Friday, April 18, 2014

USCG: Operating Forward in the Pacific

Guam News - Guam News

Guam - Nations have set their sights on the South Pacific for many reasons, but the abundance of fish is one worth noting. The Central and South Pacific are among the world’s most productive fisheries, in contrast to many others around the world having faced human consumption to the brink of eradication. The need to sustain a growing population in Asia, the immense wealth to be found in the sea and the positioning of nations are just a few catalysts pushing fishing fleets farther afield into the protected waters of Pacific island nations.

These illegal fishing operations are a direct threat to the nations that have limited law enforcement resources. However, this threat is being met cooperatively with the U.S. Coast Guard’s most advanced capabilities to ensure a persistent presence and deterrence across the South Pacific.

On April 5, 2012 the Coast Guard’s newest deterrent departed Honolulu and headed south to areas frequented by fishing fleets. At 418 feet long, the Coast Guard Cutter Waesche acts as a formidable front line command center to combat illegal fishing and a supporting asset to partners across the Pacific with similar intentions of protecting the fishery resource. The Waesche is the second National Security Cutter put to sea and its class is set to replace the aging 378-foot Hamilton class High Endurance Cutters. It is faster, has greater endurance, more amenities and greater aerial reach thanks to its ability to carry two MH-65 Dolphin helicopters, and in the future, unmanned aerial vehicles.

This was Waesche’s first mission to the Pacific to take part in an ongoing Coast Guard effort focused on protecting fish.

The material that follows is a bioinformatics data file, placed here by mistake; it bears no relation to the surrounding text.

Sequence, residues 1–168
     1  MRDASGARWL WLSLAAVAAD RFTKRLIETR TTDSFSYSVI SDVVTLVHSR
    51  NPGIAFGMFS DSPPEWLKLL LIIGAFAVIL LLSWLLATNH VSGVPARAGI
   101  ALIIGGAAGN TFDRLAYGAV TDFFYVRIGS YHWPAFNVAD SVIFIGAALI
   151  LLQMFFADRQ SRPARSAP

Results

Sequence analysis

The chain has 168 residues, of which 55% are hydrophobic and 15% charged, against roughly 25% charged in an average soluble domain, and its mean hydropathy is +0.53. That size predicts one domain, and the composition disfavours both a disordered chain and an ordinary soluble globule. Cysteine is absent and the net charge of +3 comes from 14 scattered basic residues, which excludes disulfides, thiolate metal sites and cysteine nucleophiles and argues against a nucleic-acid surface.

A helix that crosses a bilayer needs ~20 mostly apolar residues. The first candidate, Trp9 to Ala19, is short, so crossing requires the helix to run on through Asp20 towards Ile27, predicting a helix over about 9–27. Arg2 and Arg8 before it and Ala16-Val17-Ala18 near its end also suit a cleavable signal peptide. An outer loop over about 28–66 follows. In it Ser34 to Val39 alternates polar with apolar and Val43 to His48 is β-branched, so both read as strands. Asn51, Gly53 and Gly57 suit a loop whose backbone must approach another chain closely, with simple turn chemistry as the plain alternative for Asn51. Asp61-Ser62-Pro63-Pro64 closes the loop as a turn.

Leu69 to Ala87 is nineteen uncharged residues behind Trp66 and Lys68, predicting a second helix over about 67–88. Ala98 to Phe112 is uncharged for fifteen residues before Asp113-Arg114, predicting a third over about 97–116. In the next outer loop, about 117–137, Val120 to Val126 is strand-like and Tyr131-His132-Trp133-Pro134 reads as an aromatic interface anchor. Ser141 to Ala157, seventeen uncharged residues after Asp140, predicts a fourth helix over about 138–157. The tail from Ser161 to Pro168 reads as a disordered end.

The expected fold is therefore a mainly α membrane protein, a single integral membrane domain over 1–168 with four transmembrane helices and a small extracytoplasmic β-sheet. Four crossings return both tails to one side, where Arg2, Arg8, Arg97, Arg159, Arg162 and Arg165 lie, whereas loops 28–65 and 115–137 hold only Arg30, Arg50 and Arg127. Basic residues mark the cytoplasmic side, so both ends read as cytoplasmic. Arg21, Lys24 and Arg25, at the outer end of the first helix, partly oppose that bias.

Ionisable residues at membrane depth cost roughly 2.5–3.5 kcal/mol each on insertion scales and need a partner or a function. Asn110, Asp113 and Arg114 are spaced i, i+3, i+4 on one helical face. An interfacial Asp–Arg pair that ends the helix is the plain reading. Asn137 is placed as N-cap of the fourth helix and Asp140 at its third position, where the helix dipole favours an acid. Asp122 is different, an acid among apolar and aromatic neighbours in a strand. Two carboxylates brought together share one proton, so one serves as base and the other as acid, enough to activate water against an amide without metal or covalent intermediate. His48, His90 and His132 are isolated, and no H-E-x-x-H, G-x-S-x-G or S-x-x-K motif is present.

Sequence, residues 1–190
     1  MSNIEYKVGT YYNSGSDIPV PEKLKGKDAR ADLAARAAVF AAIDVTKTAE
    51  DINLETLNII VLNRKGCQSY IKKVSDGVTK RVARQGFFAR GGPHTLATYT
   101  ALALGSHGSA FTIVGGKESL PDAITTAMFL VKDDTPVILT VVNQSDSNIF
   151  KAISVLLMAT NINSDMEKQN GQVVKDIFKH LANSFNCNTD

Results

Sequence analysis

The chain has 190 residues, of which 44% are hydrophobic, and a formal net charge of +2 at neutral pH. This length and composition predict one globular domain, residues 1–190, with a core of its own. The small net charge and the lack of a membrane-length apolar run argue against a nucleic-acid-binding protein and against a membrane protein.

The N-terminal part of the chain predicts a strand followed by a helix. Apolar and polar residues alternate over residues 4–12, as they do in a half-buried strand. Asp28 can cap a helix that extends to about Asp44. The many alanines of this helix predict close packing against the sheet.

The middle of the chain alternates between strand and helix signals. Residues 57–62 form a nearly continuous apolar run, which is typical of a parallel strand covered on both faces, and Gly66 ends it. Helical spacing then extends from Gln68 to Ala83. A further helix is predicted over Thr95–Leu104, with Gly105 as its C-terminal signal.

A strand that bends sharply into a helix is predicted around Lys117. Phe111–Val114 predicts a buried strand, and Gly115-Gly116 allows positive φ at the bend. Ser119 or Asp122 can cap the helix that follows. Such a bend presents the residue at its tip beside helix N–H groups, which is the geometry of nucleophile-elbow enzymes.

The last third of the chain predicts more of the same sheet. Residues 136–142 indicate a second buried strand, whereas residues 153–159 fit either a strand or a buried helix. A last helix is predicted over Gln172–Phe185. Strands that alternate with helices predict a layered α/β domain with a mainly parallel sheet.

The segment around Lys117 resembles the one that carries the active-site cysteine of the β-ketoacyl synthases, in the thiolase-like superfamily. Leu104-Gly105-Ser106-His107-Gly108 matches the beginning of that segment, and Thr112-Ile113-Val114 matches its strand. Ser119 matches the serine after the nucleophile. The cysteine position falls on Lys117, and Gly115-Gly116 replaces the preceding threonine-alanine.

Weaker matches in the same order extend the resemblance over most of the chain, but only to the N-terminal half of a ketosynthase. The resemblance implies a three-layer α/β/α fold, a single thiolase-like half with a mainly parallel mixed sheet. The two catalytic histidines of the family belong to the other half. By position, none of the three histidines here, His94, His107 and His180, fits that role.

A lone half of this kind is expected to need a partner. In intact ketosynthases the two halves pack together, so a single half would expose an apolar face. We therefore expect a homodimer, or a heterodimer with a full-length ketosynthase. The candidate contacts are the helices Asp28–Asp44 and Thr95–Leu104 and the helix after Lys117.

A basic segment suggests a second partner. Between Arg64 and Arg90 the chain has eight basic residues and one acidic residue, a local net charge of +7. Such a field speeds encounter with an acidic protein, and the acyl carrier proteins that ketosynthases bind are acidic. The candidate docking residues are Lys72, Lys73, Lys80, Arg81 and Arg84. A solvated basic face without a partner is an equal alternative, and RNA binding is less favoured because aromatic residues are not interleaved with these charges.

The Coast Guard has conducted numerous patrols in the past as part of an effort to help protect the exclusive economic zones of various Pacific island nations. These zones extend approximately 230 miles from land into the sea. This effort also protects endangered pelagic fish species, creates and maintains stability in the region and helps build better relations throughout the Pacific. The Coast Guard is the largest U.S. federal maritime law enforcement presence in the Pacific and at the forefront of what has been named Operation Persistent Presence. It is a maritime law enforcement effort of maintaining constant vigilance on the EEZ’s and fishing grounds to ensure fishermen follow the regulations set forth by the various governments.  Pelagic fish species such as tuna, scombridae, sail fish and marlins populate this expanse, known as “The Tuna Belt” which contains nearly half of the world’s tuna supply.  These species are highly migratory; making them an international resource with widespread negative impacts, should they be overfished. In order to ensure fishermen are adhering to the laws, a concerted effort has to be made, and that requires physically boarding vessels at sea. For the Coast Guard, finding fishing boats to board means following the fish.

While on patrol, the crew of the Waesche looks for contacts on the radar and attempts to identify any ships prime for boarding. Several different factors determine which vessel will be boarded and for what reasons. If a captain and crew have a history or track record of violations, they are more likely to be boarded when they are found. If a vessel has previously been boarded and was in compliance, they become a lower risk and less likely to become a target. Capt. Kelly Hatfield, commanding officer of the Waesche equated the cutter’s role to that of a “cop walking the beat.” The intent is to maintain a presence on the water to ensure fishermen adhere to the rules and regulations that have been put in place. These regulations are intended to provide a set of rules that govern how much fish can be taken and how, particularly tuna. The end intent is to maintain healthy fish stocks. Hatfield noted that sustainable harvests allow fish populations to reproduce thereby maintaining a healthy fishery. Consequently, the tuna industry in the Pacific could be seriously affected by overfishing or illegal fishing, Hatfield added.

Although safety and regulation are important, there are larger implications to the Pacific should fish stocks decline due to mismanagement or illegal consumption. Many Pacific island nations that rely on these stocks may be put in danger economically should fish stocks fall, which could later lead to a societal collapse, Hatfield noted. Island nations, such as the Republic of Nauru, rely heavily on the fishery and the selling of fishing licenses.